How do we justify naming the Ducati Diavel “Cruiser of the Year” two years running? Because nobody has stepped up to match the performance of Ducati’s power cruiser. In fact, the Ducati Diavel Carbon, at 452 pounds, is a claimed 11 pounds lighter than the standard Diavel thanks to forged Marchesini wheels, a Marzocchi fork, and carbon fiber fairing and trim. Not that a few pounds matters much to its 1198cc Testastretta superbike engine. The bike’s Ducati
traction control can make a good rider out of average skills and variable engine maps allow the Diavel to be adjusted quickly for changing road and weather conditions. We even took it touring and found the sporty Duc to be more than capable and it’s riding position comfortable for the long haul.
We still marvel at Ducati’s engineering feat, the way it's been able to build a motorcycle with a 240mm rear tire that still handles. Ironically, the 240mm rear is one of the Diavel’s only true cruiser-ish traits. Little about the Diavel is classic, from its single-sided swingarm to its small, suspended tail section. Traction control and multiple rider modes are not typical cruiser fare but they’re standard features of the Diavel Carbon which help set it apart. After arguing about its place in the segment last year, now we view it as the performance standard to beat.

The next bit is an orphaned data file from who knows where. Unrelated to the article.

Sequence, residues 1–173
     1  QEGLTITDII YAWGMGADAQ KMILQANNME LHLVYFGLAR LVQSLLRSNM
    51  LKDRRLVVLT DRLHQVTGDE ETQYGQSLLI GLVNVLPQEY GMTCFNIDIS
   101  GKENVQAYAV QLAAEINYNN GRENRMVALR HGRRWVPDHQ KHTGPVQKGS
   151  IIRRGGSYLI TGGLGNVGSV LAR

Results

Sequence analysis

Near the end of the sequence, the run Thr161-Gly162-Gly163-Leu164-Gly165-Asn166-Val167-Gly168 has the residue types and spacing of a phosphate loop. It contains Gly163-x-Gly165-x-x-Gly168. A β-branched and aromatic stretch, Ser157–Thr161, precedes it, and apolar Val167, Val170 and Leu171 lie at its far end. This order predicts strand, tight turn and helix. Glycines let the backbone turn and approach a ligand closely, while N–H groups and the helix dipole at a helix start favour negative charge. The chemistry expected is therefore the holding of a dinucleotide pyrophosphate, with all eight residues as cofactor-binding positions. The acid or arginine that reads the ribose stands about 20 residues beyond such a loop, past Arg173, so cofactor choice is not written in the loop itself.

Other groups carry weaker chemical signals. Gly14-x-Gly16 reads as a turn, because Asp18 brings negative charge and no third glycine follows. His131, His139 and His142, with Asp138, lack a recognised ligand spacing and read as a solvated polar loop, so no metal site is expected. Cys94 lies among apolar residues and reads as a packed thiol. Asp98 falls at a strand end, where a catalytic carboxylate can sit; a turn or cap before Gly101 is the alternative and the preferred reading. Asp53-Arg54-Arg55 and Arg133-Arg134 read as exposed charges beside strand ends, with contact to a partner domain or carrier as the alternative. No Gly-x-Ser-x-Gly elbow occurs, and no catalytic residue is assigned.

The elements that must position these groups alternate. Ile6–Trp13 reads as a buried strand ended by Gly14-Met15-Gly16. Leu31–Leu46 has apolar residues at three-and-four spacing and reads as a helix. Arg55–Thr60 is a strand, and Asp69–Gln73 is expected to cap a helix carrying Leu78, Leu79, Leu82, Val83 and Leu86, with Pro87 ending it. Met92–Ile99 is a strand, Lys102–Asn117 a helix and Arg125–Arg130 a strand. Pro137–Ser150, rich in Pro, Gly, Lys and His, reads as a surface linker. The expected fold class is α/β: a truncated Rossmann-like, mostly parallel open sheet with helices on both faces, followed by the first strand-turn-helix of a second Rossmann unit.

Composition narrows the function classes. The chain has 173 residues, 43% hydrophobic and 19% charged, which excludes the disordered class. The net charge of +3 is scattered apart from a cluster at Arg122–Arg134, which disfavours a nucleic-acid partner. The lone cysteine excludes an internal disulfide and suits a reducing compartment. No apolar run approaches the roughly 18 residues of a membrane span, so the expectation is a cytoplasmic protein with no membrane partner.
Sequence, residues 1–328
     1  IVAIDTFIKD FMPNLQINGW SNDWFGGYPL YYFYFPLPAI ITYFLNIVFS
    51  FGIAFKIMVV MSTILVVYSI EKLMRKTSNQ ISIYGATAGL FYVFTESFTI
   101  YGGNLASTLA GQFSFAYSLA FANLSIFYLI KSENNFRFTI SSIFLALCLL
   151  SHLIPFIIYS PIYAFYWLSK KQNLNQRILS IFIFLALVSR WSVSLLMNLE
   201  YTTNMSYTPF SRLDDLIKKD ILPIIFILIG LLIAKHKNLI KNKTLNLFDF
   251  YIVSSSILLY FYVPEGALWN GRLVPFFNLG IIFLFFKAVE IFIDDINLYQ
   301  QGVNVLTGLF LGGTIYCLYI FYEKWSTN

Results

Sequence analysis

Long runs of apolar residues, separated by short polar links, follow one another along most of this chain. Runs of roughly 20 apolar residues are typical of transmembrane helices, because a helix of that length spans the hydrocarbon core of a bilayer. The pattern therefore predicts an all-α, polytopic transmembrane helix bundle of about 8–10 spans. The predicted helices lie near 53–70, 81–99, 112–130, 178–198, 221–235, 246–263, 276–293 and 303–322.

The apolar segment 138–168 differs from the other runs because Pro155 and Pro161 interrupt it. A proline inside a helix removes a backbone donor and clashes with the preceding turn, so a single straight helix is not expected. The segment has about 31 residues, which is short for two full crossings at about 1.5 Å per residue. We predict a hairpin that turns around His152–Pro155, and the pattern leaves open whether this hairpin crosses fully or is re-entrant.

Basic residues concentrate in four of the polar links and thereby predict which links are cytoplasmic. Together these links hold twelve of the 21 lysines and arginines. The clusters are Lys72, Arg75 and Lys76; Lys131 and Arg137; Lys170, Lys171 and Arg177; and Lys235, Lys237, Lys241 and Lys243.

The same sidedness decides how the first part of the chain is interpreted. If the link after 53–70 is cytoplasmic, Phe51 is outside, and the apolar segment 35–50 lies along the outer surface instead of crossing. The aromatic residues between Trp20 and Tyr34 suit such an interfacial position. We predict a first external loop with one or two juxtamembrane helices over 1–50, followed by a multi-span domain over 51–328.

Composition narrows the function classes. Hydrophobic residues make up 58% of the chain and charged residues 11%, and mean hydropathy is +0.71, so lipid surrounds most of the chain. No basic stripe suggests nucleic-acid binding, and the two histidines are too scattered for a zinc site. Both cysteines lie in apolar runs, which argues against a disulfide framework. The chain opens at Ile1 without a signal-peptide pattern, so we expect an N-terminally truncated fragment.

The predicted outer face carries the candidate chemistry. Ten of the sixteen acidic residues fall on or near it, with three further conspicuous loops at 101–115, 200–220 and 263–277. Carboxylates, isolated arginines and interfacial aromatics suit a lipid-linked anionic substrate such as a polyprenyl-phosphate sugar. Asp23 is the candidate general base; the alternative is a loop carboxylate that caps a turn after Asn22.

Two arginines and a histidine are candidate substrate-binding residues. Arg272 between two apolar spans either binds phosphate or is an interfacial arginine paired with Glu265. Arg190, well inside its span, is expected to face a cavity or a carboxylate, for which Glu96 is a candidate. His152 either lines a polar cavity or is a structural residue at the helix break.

Honorable Mention – Tsunami Harley
What cruiser motorcycle drew more headlines than any other this year? The Tsunami Harley
. The 2004 FXSTB Softail Night Train traveled all the way across the Pacific Ocean in the back of a cargo container. It was found on a beach in British Columbia. The guy who found it realized its significance and didn’t touch it out of respect for the some 20,000 people who perished in the Sendai earthquake and tsunami. The owner of the motorcycle, Ikuo Yokoyama, declined Harley’s offer to return it and instead asked that it be put on display exactly as it was found to serve as a memorial to those “whose lives were lost or forever changed” by the disaster. The Harley has a story unlike any other and is a monument that now resides in the Harley-Davidson Museum
for all to view and pay their respects.